Letting Go- Celeste Crotty and James Bryan
At 10:00 this morning, we set out to Mt. Roberts, where we took a tram up some of the mountain then hiked to the summit. Before we left, though, Tim asked us to meet by the shore of the Shrine, where we were told to find a medium sized rock and place it in the bottom of our daypack. He didn't tell us why, but we continued with our day. The hike was very strenuous, especially with the rock adding some extra weight to our load. When we got to the peak of the mountain, we were reminded of the rocks and pulled them out. He asked us to hold the rocks and imagine them as a mental weight we could let go of. We each did this and formed them into a cairn that we decorated with flowers. Tim told us that he was leaving behind needless worry, but no one else shared their's as we stood around the formation silently. Although the rocks symbolized a burden we carried, many of us had forgotten that they were in our bags, but noticed their absence on the hike down, as we left them behind.
On the way down the mountain, we somehow got off the path, and Max said, "Watch this!" He was sliding downs 75 foot snow bank on the side of the mountain, where, at the bottom, we could reach the path easily. So, out of options and a with a bit of adventure, we all slid down one by one (except for Celeste, Eli, and Chris, who managed to climb around it).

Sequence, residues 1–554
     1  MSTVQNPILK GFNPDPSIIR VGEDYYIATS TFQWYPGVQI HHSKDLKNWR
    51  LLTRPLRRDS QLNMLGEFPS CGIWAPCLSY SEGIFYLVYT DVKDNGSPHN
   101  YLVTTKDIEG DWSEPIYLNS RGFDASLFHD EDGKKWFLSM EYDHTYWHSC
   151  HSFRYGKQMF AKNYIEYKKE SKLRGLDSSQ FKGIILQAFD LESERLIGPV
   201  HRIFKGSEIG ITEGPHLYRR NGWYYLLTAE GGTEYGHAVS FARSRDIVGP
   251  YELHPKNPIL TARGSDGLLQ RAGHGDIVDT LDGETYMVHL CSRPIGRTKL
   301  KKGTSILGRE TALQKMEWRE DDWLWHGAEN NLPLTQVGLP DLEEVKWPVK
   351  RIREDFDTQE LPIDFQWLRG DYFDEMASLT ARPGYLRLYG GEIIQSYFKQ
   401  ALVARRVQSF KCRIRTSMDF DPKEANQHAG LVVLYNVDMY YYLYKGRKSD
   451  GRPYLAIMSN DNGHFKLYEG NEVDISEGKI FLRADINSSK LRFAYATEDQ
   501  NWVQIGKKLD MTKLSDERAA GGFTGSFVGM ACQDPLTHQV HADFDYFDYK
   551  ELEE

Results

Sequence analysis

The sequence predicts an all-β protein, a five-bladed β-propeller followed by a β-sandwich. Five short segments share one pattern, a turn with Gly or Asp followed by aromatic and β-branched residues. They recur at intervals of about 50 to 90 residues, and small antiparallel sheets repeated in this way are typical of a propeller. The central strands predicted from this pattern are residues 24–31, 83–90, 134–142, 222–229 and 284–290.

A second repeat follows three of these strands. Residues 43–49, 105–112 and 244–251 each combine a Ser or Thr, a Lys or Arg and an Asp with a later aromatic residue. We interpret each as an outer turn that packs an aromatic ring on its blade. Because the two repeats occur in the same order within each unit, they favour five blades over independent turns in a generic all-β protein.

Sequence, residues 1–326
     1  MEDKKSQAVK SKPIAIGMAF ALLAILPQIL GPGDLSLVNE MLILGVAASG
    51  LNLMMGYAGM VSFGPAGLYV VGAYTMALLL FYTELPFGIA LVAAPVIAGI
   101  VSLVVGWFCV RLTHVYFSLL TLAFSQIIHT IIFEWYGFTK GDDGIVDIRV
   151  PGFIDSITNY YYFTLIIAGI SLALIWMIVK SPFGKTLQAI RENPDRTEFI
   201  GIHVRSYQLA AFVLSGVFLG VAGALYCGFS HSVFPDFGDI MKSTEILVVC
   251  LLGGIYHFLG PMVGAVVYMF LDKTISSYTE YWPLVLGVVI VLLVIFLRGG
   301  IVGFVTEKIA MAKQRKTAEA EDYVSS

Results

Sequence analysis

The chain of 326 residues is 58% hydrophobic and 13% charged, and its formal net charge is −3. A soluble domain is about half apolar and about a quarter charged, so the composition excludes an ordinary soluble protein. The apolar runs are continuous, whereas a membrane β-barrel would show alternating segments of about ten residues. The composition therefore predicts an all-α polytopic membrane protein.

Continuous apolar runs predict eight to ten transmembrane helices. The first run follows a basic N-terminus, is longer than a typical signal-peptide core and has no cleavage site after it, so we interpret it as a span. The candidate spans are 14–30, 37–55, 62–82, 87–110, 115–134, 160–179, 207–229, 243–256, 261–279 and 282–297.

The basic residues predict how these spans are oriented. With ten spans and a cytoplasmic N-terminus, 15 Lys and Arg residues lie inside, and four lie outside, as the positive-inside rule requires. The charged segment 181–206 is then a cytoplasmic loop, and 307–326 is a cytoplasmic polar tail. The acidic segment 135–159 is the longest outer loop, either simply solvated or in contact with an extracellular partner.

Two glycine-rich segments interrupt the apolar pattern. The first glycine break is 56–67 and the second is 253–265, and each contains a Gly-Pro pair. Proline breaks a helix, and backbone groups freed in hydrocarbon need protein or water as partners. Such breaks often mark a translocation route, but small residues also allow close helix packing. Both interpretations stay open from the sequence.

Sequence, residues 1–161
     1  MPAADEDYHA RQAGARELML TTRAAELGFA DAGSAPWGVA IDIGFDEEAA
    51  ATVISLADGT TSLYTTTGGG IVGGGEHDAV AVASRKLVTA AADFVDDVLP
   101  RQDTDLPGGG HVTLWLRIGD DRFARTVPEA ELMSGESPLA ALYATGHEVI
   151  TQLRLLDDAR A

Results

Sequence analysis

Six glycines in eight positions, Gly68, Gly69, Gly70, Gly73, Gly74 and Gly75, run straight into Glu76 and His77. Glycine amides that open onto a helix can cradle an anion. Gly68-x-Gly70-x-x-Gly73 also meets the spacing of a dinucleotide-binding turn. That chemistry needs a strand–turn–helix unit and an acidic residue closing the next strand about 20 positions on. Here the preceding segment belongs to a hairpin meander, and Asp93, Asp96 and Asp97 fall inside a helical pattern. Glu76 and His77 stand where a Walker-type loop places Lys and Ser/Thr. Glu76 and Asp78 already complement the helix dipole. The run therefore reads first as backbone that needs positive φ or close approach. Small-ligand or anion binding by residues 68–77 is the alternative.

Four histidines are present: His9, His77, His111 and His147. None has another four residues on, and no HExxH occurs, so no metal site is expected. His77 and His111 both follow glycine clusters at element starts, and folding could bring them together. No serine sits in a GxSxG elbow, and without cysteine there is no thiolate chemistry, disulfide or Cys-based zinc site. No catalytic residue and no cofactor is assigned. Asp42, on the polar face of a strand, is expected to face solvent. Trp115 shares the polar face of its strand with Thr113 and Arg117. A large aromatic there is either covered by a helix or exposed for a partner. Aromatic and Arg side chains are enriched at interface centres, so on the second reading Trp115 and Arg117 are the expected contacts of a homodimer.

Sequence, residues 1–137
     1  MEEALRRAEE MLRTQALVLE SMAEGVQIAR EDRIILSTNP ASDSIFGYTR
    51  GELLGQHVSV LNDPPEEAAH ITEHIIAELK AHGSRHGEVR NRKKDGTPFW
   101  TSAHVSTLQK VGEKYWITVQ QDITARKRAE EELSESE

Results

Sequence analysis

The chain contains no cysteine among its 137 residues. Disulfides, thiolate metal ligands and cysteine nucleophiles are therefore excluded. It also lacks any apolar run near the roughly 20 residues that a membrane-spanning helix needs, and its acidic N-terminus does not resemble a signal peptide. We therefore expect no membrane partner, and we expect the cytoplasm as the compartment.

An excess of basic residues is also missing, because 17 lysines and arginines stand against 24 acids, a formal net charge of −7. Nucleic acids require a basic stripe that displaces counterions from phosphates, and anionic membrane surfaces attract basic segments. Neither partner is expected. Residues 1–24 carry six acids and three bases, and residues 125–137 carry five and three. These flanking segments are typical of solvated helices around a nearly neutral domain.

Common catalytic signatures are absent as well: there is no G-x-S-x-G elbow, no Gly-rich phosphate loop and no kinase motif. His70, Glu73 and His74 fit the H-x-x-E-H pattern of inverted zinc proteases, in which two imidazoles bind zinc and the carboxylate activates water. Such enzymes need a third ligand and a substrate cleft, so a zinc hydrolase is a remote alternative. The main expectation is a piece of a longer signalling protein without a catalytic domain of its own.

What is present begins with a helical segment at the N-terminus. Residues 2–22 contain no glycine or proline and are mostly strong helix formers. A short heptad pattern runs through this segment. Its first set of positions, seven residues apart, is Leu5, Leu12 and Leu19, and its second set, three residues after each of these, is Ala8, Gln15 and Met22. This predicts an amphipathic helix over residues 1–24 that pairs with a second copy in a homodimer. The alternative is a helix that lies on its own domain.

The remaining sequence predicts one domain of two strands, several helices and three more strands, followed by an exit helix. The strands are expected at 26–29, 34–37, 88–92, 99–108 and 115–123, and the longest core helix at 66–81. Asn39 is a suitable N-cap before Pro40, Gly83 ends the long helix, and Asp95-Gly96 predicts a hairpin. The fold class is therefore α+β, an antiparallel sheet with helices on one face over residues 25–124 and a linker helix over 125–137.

[Editor's Note: We judged it within the limits of what was safe. There was plenty of room between the end of the snow and any danger from falling. They were in NO DANGER].
It was so much fun, as we all trusted ourselves to steer and stop at the right spot. Most of us slid down on our rain paints or rain jackets, and got sprayed numb with snow. After leaving behind the rocks with our burdens, sliding down the snowy mountain did not trouble us all, as it was difficult to not do it again and continue hiking down. Leaving behind our rocks did not just lift a physical burden off our backs, but a mental one as well. Although none of our burdens were sliding down a mountain at a 75 degree angle, we felt free. We were released of what had troubled us before, so we could enjoy what we were doing in the now